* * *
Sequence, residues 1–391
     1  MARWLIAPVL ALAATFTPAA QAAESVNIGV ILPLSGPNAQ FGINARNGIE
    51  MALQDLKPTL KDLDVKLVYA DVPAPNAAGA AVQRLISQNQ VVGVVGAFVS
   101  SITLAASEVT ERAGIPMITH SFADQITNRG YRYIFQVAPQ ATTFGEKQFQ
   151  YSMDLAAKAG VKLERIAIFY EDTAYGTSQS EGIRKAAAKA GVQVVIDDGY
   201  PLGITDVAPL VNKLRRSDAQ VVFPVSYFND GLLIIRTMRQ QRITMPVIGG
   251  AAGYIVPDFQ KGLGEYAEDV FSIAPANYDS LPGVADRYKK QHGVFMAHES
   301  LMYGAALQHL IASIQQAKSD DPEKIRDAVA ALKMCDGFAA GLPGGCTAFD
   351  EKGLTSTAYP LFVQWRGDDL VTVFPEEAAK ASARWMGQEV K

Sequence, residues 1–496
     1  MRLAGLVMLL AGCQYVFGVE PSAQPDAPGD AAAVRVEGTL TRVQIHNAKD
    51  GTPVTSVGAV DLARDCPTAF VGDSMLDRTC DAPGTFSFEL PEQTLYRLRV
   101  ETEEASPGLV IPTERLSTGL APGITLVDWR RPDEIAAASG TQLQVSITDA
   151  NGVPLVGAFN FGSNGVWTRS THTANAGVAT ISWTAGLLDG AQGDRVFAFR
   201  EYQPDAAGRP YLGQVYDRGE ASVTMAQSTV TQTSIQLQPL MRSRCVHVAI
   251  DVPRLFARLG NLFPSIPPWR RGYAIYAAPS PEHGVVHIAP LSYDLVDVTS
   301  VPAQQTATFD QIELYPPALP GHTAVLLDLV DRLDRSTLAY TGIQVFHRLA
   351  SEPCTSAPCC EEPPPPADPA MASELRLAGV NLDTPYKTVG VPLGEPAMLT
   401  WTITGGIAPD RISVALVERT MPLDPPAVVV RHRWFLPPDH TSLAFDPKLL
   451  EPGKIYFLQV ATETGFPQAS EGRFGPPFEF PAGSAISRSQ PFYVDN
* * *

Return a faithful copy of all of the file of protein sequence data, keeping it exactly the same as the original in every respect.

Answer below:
Sequence, residues 1–391
     1  MARWLIAPVL ALAATFTPAA QAAESVNIGV ILPLSGPNAQ FGINARNGIE
    51  MALQDLKPTL KDLDVKLVYA DVPAPNAAGA AVQRLISQNQ VVGVVGAFVS
   101  SITLAASEVT ERAGIPMITH SFADQITNRG YRYIFQVAPQ ATTFGEKQFQ
   151  YSMDLAAKAG VKLERIAIFY EDTAYGTSQS EGIRKAAAKA GVQVVIDDGY
   201  PLGITDVAPL VNKLRRSDAQ VVFPVSYFND GLLIIRTMRQ QRITMPVIGG
   251  AAGYIVPDFQ KGLGEYAEDV FSIAPANYDS LPGVADRYKK QHGVFMAHES
   301  LMYGAALQHL IASIQQAKSD DPEKIRDAVA ALKMCDGFAA GLPGGCTAFD
   351  EKGLTSTAYP LFVQWRGDDL VTVFPEEAAK ASARWMGQEV K

Sequence, residues 1–496
     1  MRLAGLVMLL AGCQYVFGVE PSAQPDAPGD AAAVRVEGTL TRVQIHNAKD
    51  GTPVTSVGAV DLARDCPTAF VGDSMLDRTC DAPGTFSFEL PEQTLYRLRV
   101  ETEEASPGLV IPTERLSTGL APGITLVDWR RPDEIAAASG TQLQVSITDA
   151  NGVPLVGAFN FGSNGVWTRS THTANAGVAT ISWTAGLLDG AQGDRVFAFR
   201  EYQPDAAGRP YLGQVYDRGE ASVTMAQSTV TQTSIQLQPL MRSRCVHVAI
   251  DVPRLFARLG NLFPSIPPWR RGYAIYAAPS PEHGVVHIAP LSYDLVDVTS
   301  VPAQQTATFD QIELYPPALP GHTAVLLDLV DRLDRSTLAY TGIQVFHRLA
   351  SEPCTSAPCC EEPPPPADPA MASELRLAGV NLDTPYKTVG VPLGEPAMLT
   401  WTITGGIAPD RISVALVERT MPLDPPAVVV RHRWFLPPDH TSLAFDPKLL
   451  EPGKIYFLQV ATETGFPQAS EGRFGPPFEF PAGSAISRSQ PFYVDN